The Waugh Zone Monday February 11, 2019

The five things you need to know about politics today

Theresa May’s letter to Jeremy Corbyn last night has certainly divided opinion. Was it a dastardly move to keep open the option of a soft Brexit (via a customs union), as Jacob Rees-Mogg and other Brexiteers seem to think? Or was it actually just a bit more window-dressing by a PM who has no intention of working with Corbyn but wants to be seen as reaching out?

Well, suspecting the PM of bad faith these days is almost an Olympic sport on all sides at Westminster, but perhaps what matters most here is that some key Labour people I’ve talked to are firmly in the latter camp. They think May’s letter underlined her red line, while trying to argue ‘a customs union’ was not needed because her political declaration on future UK-EU trade would sort it all out. “It’s a vague series of non-commitments, we can’t sign off on a blind Brexit,” one source says.

Rather than a genuine pitch to Corbyn, May’s letter felt more aimed at offering fresh comfort to those Labour backbenchers in Leave seats whose votes she needs to get her deal through. All the talk of legislation on workers’ rights, ‘further financial support’ to communities ‘left behind’, compromise on. EU agencies and even security co-operation (see below) was designed to maintain and even expand the number of MPs thinking of backing her plans. As ex-minister Sam Gyimah put it on Radio 4 last night, it felt like the PM was trying to “promise everything to everyone in the hope that we all clamber aboard the good ship May.”

This Thursday’s Valentine’s Day vote will be another test of whether May’s strategy of running down the clock succeeds. An amendment seeking to bring back the second ‘meaningful vote’ by February 26 will get Labour backing, but it’s unclear how many Remainer Tories will be on board. If the amendment is non-binding, it could be an irrelevance anyway. This morning on Today, Boris Johnson tried to keep a high bar on his own support for the PM, saying a legally binding ‘time limit’ on the Northern Ireland backstop would “not be good enough”. A “UK-sized exit” that allowed us to “get out by our own volition” was as crucial, he said. And he sounded happy for the clock to tick away.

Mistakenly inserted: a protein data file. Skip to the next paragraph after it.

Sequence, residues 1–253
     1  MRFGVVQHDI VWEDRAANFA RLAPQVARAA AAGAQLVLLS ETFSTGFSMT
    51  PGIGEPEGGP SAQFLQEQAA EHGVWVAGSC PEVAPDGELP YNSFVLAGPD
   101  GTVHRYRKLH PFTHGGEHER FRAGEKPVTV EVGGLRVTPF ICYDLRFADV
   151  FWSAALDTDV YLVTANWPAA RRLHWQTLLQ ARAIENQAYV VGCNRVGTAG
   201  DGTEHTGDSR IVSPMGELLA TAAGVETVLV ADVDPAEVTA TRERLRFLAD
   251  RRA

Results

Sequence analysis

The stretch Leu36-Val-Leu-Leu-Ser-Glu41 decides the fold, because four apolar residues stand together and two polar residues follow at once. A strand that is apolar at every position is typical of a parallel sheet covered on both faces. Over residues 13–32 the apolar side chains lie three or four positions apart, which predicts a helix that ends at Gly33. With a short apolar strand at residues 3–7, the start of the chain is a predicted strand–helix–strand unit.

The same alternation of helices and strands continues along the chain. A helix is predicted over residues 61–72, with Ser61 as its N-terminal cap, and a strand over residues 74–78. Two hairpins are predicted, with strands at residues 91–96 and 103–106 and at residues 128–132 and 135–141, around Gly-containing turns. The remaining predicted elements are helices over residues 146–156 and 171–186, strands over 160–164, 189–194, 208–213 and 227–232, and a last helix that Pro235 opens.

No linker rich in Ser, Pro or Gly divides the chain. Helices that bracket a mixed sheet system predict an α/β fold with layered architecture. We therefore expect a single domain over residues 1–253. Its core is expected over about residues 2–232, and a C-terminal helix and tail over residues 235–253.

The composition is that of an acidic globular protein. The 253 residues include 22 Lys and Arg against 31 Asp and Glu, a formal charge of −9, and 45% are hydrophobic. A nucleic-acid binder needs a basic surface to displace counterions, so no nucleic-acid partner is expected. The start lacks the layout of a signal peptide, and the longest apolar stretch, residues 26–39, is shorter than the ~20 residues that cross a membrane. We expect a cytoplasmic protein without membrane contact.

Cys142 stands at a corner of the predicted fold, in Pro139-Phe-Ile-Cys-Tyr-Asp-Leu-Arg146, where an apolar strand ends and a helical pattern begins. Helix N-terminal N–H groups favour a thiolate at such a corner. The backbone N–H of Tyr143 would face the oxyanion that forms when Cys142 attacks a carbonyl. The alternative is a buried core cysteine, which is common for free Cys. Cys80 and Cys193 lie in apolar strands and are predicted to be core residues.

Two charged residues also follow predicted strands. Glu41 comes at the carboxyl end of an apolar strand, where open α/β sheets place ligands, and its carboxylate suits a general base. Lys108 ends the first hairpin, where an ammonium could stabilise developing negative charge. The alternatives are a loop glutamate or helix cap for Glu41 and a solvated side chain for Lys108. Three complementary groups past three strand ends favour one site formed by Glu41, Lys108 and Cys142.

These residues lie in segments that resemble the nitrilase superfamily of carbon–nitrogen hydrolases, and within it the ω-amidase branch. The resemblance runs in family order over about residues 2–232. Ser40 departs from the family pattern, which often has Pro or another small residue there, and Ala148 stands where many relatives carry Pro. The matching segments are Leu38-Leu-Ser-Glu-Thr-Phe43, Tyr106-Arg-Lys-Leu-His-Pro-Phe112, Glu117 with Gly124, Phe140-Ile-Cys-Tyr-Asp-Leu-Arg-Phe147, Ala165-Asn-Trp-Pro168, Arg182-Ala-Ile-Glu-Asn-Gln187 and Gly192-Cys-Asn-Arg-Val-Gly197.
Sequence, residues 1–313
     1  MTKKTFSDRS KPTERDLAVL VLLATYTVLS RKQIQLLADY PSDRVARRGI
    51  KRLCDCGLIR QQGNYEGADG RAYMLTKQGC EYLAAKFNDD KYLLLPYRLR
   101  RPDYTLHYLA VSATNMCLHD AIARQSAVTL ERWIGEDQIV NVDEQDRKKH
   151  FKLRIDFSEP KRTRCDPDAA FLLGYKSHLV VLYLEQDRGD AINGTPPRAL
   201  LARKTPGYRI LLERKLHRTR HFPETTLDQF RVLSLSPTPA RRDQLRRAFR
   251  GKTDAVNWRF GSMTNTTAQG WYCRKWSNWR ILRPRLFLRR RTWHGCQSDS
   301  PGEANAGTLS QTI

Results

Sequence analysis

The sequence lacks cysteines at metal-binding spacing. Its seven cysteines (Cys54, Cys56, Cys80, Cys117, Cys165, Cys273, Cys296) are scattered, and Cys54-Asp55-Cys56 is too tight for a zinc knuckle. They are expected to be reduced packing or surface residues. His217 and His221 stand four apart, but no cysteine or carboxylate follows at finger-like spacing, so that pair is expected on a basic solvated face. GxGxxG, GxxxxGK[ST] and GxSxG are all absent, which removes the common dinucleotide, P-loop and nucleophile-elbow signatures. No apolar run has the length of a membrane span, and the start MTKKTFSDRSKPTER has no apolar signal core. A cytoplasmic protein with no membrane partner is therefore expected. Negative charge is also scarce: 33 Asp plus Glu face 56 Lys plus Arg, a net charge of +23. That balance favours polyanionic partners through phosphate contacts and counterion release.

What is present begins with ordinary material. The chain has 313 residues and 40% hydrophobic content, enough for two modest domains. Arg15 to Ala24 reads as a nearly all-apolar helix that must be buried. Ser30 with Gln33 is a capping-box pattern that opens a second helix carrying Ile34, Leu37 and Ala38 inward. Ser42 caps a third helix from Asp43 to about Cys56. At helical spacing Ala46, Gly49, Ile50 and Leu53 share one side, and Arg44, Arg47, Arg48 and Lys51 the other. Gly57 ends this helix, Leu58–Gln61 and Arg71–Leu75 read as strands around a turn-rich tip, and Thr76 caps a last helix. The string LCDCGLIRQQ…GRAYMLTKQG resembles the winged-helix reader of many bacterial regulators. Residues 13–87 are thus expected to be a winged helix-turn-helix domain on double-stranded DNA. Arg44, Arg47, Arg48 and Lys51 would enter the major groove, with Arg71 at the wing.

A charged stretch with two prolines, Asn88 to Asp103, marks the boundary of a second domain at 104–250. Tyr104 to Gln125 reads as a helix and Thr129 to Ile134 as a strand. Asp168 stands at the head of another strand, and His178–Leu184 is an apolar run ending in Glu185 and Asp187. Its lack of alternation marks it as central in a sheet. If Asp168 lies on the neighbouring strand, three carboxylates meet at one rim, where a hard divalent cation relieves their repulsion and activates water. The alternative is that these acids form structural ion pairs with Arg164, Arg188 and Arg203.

The Parliamentary Labour Party (PLP) meets again tonight and, one week after it passed a motion demanding data on the scale of anti-semitism in the party, MPs hope they will get answers. There’s been a dizzying run of developments on the issue in recent days, not least after activists in Luciana Berger’s local party in Liverpool Wavertree tabled motions of no confidence in her, claiming she was seeking to undermine Jeremy Corbyn.

John McDonnell shocked several MPs on Friday by suggesting Berger could easily solve the problem if she would “just tell people you are not supporting a breakaway party, you are not jumping ship”. Later that day, the motions were withdrawn, but Tom Watson weighed in and called for the suspension of the Wavertree party for ‘bullying’ its pregnant, Jewish MP.

General secretary Jennie Formby said there was no constitutional grounds for suspension. On Saturday, party chair Ian Lavery wrote for HuffPost that ‘whole constituency parties’ should not be “subject to trial by social media”. Yesterday, the Wavertree party’s executive put out a statement rejecting the bullying charge and declaring it had “very little choice on whether to debate legitimately-submitted motions”. Still, Watson said Formby was investigating the conduct of some local members, including one who said on Facebook that Berger was a ‘disruptive Zionist’.

The wider battle is over whether Labour is really getting a grip on the abuse within the party. We revealed on Friday night that an emergency meeting of the ruling NEC’s officers group had agreed to the PLP’s demands for more transparency. A party source told me that after last week’s PLP, Formby asked the NEC for their permission to publish data and “pushed hard to get their agreement”. But another NEC source tells me Formby failed to act on a similar demand at last month’s NEC meeting. One thing that will be worth watching tonight is just who turns up to set out Formby’s response. I’m told she had a prior commitment and may not be there in person. And note the carefully-worded PLP motion called on “the party leadership [not Formby necessarily] to provide a report” in one week’s time. Will it be Ian Lavery who steps up?